Lizet writes that she and Ariel Hernandez had their “Miami Homecoming[s]” on the same day: Thanksgiving 1999. Ariel, a five-year-old Cuban boy, was rescued from a broken raft by fishermen early on Thanksgiving Day, and was the only person on his raft who survived the dangerous journey; Lizet arrived in Miami that evening, later than she had planned, after her flight home from college the previous day was overbooked.
Lizet describes her own story and Ariel’s as parallel here, demonstrating how their stories—though very different—will converge around one another in a series of strange coincidences. Readers do not yet know how Ariel and Lizet will figure in one another’s lives, but this passage foreshadows how their stories will be twinned throughout the novel.
Lizet had originally planned to stay on campus for the holiday—coming home was not in her family’s budget. At the time, Lizet’s family could barely afford to pay the 4,000 dollars a year (out of 45,000 dollars) it cost to send Lizet to the prestigious Rawlings College after financial aid. Lizet, though, used money from her work-study job on campus to come home for the holiday despite the fact that her Cuban-born-and-raised parents have really never celebrated Thanksgiving. As the holiday approached, Lizet’s mostly-white classmates could not stop talking about family and food—and though Lizet had been “fine” without the holiday her whole life, she was seized by the need to be with her family for it.
This passage shows how Lizet has changed in just the few months she’s been away at school. Though Thanksgiving has never been an important celebration for her family, Lizet’s homesickness now combines with her desire to seem more similar to her white peers, and so she imposes an importance on Thanksgiving that it never had to her before.
Now, Lizet shuffles off a plane and into the Miami International Airport “a good hour after most of East Coast America” has already finished celebrating Thanksgiving. She arranges a spot on a ride-share shuttle, then goes outside to board the van. The ticket in her hand says she’s getting dropped off in Zone 8: Little Havana. Having grown up in Hialeah, Lizet is still unfamiliar with her mother’s new neighborhood; all her life, she and her family have known it as a “joke,” a part of Miami “only the most recent of refugees called home.” Up at Rawlings, none of Lizet’s classmates are aware of Miami’s different neighborhoods—when they ask her where she’s from, they always want to know where she’s “from from,” and she has learned to tell them about Cuba, and give them the answer they want to hear.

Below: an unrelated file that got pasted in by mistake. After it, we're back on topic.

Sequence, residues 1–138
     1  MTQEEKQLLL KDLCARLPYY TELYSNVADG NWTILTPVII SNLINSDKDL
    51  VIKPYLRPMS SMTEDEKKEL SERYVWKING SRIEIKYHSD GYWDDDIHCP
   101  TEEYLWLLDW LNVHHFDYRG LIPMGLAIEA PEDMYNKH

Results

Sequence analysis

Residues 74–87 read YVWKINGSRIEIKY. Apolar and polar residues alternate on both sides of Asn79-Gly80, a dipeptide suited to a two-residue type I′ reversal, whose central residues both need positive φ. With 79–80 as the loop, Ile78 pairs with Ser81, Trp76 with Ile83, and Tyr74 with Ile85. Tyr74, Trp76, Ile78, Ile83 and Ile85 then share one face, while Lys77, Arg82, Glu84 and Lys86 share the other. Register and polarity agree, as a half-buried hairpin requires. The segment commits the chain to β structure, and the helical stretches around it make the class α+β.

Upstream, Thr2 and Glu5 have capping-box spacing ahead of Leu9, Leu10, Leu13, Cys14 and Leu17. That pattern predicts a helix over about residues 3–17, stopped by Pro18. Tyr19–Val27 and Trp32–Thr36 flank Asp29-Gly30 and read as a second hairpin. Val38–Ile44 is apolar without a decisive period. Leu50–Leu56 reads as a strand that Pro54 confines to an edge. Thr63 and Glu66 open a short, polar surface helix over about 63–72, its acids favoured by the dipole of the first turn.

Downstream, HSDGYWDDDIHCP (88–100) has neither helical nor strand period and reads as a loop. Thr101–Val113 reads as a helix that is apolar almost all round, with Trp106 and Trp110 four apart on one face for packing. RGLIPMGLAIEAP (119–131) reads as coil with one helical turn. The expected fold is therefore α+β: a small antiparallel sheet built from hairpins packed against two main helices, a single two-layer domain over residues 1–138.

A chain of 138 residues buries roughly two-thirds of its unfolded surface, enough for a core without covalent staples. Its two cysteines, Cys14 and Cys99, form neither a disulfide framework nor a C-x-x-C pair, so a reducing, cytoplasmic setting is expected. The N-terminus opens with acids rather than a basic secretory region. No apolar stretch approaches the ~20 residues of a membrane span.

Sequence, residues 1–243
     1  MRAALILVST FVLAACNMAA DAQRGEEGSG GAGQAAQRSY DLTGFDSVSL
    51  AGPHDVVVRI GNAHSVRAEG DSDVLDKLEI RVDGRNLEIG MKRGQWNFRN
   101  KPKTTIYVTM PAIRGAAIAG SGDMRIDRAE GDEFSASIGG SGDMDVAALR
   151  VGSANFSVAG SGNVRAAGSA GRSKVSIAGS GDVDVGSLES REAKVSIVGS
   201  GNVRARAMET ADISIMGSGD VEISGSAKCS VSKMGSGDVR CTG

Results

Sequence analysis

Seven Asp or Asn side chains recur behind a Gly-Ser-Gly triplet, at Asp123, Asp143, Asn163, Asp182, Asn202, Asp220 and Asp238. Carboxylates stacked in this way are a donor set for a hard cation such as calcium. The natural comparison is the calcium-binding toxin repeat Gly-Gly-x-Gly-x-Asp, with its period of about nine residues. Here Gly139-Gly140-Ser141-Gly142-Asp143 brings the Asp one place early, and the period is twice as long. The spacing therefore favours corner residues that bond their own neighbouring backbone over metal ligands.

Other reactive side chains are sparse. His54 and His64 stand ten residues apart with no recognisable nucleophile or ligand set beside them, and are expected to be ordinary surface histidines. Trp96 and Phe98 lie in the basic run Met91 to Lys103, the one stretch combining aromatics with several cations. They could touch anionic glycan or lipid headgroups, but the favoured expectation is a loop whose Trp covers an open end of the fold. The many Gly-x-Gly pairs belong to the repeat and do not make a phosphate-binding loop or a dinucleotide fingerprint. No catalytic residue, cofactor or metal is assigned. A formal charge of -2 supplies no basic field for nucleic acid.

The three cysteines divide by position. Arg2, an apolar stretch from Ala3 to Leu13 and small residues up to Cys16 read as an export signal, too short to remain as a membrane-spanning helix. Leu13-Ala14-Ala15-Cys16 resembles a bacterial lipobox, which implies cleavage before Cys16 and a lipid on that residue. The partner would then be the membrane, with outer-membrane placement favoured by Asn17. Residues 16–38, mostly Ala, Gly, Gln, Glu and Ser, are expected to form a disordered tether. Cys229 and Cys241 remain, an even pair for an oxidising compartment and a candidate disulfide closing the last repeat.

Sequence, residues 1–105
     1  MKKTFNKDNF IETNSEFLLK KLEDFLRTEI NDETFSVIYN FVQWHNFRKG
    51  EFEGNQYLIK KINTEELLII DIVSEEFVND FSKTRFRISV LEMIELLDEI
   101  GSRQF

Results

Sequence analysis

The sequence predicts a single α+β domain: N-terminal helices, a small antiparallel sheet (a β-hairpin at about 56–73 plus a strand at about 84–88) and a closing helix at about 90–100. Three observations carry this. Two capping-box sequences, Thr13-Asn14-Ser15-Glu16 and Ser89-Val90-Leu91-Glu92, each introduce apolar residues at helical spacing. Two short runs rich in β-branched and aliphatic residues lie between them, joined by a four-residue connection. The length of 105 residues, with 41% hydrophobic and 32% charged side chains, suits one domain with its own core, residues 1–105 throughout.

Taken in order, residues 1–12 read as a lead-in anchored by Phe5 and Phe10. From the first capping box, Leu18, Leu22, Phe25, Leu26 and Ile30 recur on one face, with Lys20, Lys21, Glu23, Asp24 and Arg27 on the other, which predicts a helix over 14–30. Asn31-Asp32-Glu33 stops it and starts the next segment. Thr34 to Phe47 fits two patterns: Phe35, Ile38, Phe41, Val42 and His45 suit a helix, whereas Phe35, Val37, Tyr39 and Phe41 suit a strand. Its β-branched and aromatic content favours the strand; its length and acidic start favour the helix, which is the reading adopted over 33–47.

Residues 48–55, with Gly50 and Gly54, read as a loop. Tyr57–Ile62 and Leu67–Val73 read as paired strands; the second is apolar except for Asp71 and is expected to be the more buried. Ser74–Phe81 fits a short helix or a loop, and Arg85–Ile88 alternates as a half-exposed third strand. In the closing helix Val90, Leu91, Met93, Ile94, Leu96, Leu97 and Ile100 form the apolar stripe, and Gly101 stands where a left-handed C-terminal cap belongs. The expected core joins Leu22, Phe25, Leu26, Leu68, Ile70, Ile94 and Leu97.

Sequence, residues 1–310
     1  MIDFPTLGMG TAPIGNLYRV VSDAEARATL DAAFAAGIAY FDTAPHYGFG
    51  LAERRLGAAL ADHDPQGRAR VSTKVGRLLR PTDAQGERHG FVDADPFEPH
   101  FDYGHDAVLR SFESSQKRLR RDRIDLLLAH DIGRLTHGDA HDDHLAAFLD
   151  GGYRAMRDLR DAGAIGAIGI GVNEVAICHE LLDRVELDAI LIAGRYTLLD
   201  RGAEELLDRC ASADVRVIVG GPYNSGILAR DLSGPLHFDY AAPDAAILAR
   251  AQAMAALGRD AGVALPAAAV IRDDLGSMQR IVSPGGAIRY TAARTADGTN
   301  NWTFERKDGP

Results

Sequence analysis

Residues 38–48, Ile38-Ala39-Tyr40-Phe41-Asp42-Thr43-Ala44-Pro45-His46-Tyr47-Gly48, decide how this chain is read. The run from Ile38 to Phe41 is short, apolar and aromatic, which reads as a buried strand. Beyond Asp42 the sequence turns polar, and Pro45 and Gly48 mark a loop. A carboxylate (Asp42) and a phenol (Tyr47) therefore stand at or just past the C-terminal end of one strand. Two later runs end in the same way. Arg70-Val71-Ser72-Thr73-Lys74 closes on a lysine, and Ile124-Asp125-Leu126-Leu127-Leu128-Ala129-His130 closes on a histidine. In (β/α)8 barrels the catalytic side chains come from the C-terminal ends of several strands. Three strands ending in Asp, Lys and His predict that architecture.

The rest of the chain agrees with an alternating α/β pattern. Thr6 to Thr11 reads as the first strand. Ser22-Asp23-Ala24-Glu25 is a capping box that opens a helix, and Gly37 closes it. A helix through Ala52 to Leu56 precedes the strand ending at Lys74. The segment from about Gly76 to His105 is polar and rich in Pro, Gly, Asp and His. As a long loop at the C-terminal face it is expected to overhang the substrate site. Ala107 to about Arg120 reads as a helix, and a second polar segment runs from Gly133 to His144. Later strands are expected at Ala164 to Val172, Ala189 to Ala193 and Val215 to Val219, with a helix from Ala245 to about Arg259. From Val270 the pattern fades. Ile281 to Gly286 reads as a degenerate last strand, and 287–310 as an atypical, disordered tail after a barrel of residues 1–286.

This passage shows how the Miami Lizet grew up in and the Miami of her classmates’ imaginations are two very different things. Crucet uses Miami and its diverse neighborhoods as a metaphor for how outsiders view the experiences of people of color, and especially immigrants of color—by lumping them all together and ignoring the nuance inherent in each experience.
As people pack into the shuttle, Lizet notices a young-looking Latina lady who is dressed professionally and looks like she could be a professor somewhere. Lizet has never seen a Latina or Latino professor on Rawlings’ campus. The van starts to move, and as it winds through the different neighborhoods of Miami, Lizet wonders whether she should use this trip home to tell her mother about the problems she’s been having at school. In addition to struggling in chemistry, she accidentally plagiarized part of a paper in her freshman writing class by failing to cite a source correctly, and has been embroiled in an ongoing Academic Integrity Hearing to determine whether she will even be able to stay on as a student at Rawlings.
The revelation that Lizet is struggling at school further explains her desire to come home to her family for the holiday. In returning home, Lizet wants to escape the unfamiliar and unpleasant environment of Rawlings and be comforted by the family she left behind.
The Academic Integrity Committee has mentioned to Lizet that they are taking where she went to high school into careful consideration as they review her case. Lizet’s high school, Hialeah Lakes, is what the Committee refers to as an “underserved” school—it is so “shitty,” Lizet knows, that it was recently the subject of a New Yorker article about such schools across America.
The fact that Lizet comes from a “shitty” high school is both a curse and a blessing at Rawlings—though she’s unprepared in many ways, the college sees her background as a kind of handicap, which is embarrassing but also serves as a cushion for Lizet as she learns the ropes.
Looking back on the van ride home, the older Lizet reflects on how she already had so much to contend with that fateful Thanksgiving—and she hadn’t even heard the name Ariel Hernandez yet.
The retrospective voice of the adult Lizet will reappear throughout the novel at crucial moments to foreshadow trouble.